My biggest breakthrough came when… Pursuing art all my life, I never have trouble jumping in to anything that interests me. From Macrame in the ‘70s, Stained Glass in the 80’s, Sculpted Dolls in the ‘90s, Needle Felting currently and always painting and drawing have kept my right brain active. My day job for 30 years as a Project Estimator for a large local general contractor certainly weighed on my left brain pretty heavy. About 20 years ago, I thought if I could just carve out an hour a day for art, I would be happy. After reading The Artist’s Way, I started getting up at 4am to do Daily Pages which is a stream of consciousness way of journaling and starting your day. After awhile I found myself just complaining on those pages. So I started journaling by painting and collaging. The journaling finally fell away, but the 4am ritual stayed. It’s amazing how much you can get done in a short amount of dedicated time. I’ve since retired from my day job and I sleep in until 5am, but I still start my day in my studio I fondly refer to as White Wolf Studio.
Another breakthrough for me was being invited to show my work a few years ago with Wedge Outside the Box and Wild Women Artists as I feel someone is watching and acknowledging.
Who are your heroes in real life? A real life hero to me is Lorie Line, acclaimed international pianist born and raised locally. I worked with Lorie for a short while as she pursued her music degree at UNR. She left our firm and moved on to Minneapolis with her husband. She carved out a niche with her music and I believe she is one of the world’s largest independent music labels. She is proof that pursuing passions works. Put her name into Pandora for a flavor of her amazing music.
My other local real life hero is Carol Pallesen, calligrapher. I’ve taken many calligraphy classes with Carol, and her dedication to teaching beautiful writing and historical context is amazing. Her studio Silent Hand Scriptorium has sustained itself over the years because of Carol’s dedication. I’ve traveled with Carol to conferences and classes. And I’m so lucky to have her as a local resource.
One other hero is Marti Bein, artist. She is an old high school buddy who also forged a career in art and curates many shows around the region. Oh and Mary Lee Fulkerson, who said to me, “What if?” If I ask myself that consistently, I will never run out of ideas. I guess I have many real life heroes.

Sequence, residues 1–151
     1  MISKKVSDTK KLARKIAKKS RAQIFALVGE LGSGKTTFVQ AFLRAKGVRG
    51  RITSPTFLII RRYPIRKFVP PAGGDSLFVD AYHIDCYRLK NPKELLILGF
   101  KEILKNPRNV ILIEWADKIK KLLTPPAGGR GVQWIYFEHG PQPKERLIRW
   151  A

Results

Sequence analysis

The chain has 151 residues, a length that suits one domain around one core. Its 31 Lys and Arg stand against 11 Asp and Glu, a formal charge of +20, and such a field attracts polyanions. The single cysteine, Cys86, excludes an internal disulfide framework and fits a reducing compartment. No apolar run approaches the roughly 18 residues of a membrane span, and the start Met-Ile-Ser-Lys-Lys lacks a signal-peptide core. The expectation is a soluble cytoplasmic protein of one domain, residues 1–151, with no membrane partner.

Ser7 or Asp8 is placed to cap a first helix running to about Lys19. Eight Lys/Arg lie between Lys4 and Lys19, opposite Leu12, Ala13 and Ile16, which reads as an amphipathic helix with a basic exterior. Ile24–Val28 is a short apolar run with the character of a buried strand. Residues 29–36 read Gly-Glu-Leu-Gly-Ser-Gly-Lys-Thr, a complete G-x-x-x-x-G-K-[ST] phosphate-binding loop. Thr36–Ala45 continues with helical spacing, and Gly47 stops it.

How do you balance your day-to-day commitments with your creative pursuits
I carve out time in the morning, as I mentioned, when the house is quiet and my inner critic is not awake. I also make creativity a priority. Learning to live in an artistic way is helpful too. Many people don’t like to call themselves artists, but everyone is. From what we decide to wear everyday, to what we decide to make with our hands, all are creative pursuits.
What are your other passions? Since retiring I searched for a volunteer activity. I learned about Knitted Knockers from a colleague and I’ve been knitting these amazing breast prosthetics ever since. It’s a great way to knit and help women at the same time. Our group has grown to about 10 knitters, crocheters and craftswomen. We’ve also added Teddy Bears, blankets and other items for charity. Fiber art is a passion and I’ve taught myself many from hand sewing, knitting to tatting.
I love to go on drawing/painting outings. Urban sketching in downtown or nature painting is all fun and keeps me in practice. Latimer Art Club holds Paint Outs every month.
I paint pet portraits in watercolor. I love animals and they always find their way into my sight and artwork.
Teaching is also something I really enjoy doing. I taught stained glass way back when, construction estimating at UNR and currently I’m teaching Needle Felting and Watercolor Journaling at Copper Cat Studio.
My husband and I RV several times a year. We golf, he fishes and I spend a great amount of time with my Scottish Terrier, JoJo.
I do have two part time positions with the American Institute of Architects Northern Nevada and a local architectural firm. Both jobs are so fun and keeps me connected.
What’s next for you? Hard to say what’s next as I suffer from Multiple Muse Disorder, which many creative people do. I love to learn and as hard as I try to refrain from new pursuits, I’ve learned to roll with it. But showing my work, teaching and practicing my art is my focus.
Is there anything else you’d like to share with our readers?
I’m pleased to be showing with Wild Women Artists and our next show is just coming up.
July 19th Reception 4-8 and July 20th Show with Demonstrations 10-4 at TMCC Red Mountain Building in the Student Gallery on the ground floor
I’m also teaching my next Introduction to Needle Felting at Copper Cat Studio July 24th 11-2
Thank you so much for your interest. I really appreciate sharing my artistic journey with you.